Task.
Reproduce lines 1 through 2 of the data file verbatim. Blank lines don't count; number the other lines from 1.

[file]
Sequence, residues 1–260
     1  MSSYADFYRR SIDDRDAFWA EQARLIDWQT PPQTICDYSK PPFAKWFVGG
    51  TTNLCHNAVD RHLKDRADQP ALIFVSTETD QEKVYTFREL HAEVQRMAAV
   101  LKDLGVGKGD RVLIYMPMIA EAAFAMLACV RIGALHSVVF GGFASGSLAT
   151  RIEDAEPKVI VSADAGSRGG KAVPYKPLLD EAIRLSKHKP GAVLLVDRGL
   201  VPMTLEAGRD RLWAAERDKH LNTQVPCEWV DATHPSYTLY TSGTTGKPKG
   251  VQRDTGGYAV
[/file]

Sequence, residues 1–260
     1  MSSYADFYRR SIDDRDAFWA EQARLIDWQT PPQTICDYSK PPFAKWFVGG